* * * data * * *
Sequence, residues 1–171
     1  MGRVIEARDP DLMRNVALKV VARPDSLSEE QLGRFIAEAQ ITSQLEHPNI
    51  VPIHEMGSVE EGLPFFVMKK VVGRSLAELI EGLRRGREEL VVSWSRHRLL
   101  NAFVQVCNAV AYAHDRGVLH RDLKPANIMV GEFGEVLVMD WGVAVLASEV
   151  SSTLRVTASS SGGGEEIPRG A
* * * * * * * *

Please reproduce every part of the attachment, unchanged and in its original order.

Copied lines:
Sequence, residues 1–171
     1  MGRVIEARDP DLMRNVALKV VARPDSLSEE QLGRFIAEAQ ITSQLEHPNI
    51  VPIHEMGSVE EGLPFFVMKK VVGRSLAELI EGLRRGREEL VVSWSRHRLL
   101  NAFVQVCNAV AYAHDRGVLH RDLKPANIMV GEFGEVLVMD WGVAVLASEV
   151  SSTLRVTASS SGGGEEIPRG A